The Brazilian government is determined to advance with negotiations for a trade agreement between Mercosur and the European Union even if it means leaving Argentina for a second phase of the process, according to sources from Itamaraty, the country’s foreign ministry, reported in the Rio do Janeiro media.
“There is great expectation as to what will happen next Friday in Caracas during the meeting of the Mercosur council, when Argentina is scheduled to give a reply on the issue”, according to the sources which underlined that Brazil should propose to the Europeans that negotiations continue normally so that the negotiating process is no longer ‘stalled or trapped’.
On Friday Mercosur negotiators must decide on the joint proposal to present the EU, or if they prefer to have separate proposals. The prevailing opinion is that Brazil, Paraguay and Uruguay discuss without Argentina, which would later on join the negotiating process. Although Argentina prefers to make a joint proposal, “they have difficulties in reaching an agreement with the EU”, something which has worsened because of the current foreign exchange situation faced by the country.
According to the president of the Foreign Trade Council from the Sao Paulo Federation of Industries, FIESP, former ambassador Rubens Barbosa, the meeting in Caracas is very important since it will definitively signal de Brazilian position. Barbosa anticipated that FIESP would support the government’s decision.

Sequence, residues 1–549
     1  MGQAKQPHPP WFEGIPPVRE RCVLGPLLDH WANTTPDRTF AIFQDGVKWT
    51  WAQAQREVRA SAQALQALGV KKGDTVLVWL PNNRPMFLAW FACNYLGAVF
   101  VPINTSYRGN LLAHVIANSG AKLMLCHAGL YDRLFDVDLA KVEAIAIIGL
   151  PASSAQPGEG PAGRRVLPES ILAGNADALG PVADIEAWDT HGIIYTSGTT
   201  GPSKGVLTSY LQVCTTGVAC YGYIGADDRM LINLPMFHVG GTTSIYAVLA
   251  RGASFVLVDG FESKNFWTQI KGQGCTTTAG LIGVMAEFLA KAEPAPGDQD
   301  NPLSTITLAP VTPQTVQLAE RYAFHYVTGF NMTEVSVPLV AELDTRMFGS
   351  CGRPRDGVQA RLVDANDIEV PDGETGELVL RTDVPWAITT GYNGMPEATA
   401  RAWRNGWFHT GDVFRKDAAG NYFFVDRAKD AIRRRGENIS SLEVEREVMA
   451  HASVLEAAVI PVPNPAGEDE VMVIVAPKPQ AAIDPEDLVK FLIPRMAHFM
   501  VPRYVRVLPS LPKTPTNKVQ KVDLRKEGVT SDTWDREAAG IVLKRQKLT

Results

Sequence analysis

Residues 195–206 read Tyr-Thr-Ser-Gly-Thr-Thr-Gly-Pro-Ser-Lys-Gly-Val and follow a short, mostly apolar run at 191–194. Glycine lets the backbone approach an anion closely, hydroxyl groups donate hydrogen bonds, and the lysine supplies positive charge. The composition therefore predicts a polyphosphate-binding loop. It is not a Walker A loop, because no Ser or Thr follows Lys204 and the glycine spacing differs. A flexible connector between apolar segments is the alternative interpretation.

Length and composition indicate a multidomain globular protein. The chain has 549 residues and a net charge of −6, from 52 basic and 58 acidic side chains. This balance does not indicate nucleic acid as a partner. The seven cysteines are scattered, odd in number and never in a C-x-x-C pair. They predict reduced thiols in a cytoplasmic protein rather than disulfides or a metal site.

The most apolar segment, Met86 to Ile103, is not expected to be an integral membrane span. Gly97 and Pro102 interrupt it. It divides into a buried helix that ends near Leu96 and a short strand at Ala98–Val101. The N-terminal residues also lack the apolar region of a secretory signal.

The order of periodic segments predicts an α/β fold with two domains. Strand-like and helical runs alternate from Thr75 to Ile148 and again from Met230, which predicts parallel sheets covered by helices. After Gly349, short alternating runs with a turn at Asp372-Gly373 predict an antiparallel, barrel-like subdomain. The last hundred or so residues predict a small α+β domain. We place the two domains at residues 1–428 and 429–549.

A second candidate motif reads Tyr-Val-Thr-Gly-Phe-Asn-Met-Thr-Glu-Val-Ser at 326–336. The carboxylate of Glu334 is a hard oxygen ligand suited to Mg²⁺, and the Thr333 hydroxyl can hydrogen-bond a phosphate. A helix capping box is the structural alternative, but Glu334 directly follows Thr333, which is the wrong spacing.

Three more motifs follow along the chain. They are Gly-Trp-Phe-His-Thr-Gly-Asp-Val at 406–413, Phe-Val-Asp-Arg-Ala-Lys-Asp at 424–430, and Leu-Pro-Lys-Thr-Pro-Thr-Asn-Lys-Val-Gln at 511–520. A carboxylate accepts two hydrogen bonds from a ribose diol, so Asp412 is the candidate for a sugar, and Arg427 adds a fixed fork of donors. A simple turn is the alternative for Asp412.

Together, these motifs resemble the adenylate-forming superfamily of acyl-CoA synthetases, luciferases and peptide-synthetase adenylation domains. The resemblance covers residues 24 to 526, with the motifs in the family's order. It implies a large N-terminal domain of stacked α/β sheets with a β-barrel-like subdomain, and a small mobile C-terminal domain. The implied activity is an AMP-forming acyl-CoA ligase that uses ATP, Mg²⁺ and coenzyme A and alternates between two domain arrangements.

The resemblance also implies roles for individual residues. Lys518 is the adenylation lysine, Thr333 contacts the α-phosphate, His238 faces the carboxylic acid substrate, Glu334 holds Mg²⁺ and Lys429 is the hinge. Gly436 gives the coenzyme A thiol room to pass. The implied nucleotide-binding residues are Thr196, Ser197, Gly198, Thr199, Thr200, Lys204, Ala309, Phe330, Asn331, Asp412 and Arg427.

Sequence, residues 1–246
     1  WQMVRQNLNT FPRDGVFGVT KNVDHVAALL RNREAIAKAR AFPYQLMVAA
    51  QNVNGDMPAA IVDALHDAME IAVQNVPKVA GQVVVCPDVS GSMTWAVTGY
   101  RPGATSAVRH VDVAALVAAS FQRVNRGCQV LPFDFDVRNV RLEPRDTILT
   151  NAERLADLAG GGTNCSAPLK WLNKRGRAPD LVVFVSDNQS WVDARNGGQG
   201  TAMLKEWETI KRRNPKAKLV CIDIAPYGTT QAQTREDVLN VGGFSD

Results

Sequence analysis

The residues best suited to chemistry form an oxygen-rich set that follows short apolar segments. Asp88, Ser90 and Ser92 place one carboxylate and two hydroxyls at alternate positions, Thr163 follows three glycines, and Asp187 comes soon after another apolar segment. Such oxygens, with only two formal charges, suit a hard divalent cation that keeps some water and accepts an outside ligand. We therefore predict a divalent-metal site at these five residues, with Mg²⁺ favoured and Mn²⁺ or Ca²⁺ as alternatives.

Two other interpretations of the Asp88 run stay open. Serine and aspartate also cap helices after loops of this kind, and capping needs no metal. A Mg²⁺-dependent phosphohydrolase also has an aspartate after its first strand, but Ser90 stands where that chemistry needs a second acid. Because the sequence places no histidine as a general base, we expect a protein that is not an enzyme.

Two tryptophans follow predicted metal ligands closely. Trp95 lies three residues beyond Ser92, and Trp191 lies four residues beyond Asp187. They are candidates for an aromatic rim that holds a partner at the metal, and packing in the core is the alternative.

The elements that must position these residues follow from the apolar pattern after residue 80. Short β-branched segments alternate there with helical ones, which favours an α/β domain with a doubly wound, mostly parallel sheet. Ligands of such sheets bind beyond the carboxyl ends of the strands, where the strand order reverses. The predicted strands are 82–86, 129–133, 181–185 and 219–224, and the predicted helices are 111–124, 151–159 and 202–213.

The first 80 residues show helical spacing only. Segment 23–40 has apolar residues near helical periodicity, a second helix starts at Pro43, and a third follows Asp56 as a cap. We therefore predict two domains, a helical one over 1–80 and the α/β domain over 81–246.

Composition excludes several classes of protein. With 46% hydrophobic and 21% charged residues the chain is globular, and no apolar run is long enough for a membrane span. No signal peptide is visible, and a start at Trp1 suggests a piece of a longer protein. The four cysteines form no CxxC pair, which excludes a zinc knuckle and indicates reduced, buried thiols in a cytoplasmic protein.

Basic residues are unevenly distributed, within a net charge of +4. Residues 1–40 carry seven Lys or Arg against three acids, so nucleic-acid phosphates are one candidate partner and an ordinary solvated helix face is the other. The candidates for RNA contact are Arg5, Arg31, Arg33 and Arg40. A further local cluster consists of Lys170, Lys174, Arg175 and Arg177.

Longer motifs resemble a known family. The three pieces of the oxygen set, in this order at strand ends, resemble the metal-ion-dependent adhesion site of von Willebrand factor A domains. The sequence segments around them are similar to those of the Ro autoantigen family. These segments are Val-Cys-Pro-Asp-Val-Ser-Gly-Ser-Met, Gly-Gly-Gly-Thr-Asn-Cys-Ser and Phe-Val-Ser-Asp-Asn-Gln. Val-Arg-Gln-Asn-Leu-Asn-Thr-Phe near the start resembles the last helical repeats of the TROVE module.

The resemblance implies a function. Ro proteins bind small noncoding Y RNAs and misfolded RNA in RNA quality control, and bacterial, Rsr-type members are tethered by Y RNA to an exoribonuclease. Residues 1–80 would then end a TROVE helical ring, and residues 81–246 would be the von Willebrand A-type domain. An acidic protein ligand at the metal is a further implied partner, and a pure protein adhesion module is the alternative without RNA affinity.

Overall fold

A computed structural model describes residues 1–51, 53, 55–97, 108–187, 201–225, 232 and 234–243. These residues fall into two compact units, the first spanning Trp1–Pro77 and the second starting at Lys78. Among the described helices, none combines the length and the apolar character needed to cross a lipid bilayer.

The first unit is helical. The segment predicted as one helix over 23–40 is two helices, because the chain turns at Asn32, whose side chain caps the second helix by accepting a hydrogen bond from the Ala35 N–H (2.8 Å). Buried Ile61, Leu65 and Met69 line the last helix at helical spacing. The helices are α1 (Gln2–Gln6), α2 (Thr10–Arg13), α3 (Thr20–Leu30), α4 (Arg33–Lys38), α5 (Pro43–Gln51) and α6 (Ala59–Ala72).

However, “Brazil can’t be hostage of Argentina or Venezuela”, said the former Brazilian ambassador in the United States.
There is no way Brazil can negotiate an agreement with the EU on its own since they are precisely based on the principle of a blocks agreement. Nonetheless Venezuela will be out of the negotiations since it only very recently became a full member of Mercosur. But for the Brazilian team, Argentina has not shown much willingness in improving its proposal, which is considered incompatible for the rest of full members.
The Brazilian proposal anticipates an elimination of import tariffs for 87% of European produce. Uruguay and Paraguay are even more ambitious, 90%, but Argentina’s position is in the range of 80%. Likewise the speed to implement those reductions is much slower than that suggested by the remaining members of the group.
Negotiations for a free trade and cooperation agreement between Mercosur and the EU took off in 1999, stalled in 2004 and were resumed in 2010. In February negotiators from the two blocks will meet to present their proposals.
“We are prepared to present our proposal to the Europeans with or without Argentina”, insisted the Itamaraty sources adding that the Brazilian government does not believe the hard currency problems faced by Argentina and Venezuela “will contaminate the rest of Mercosur members”.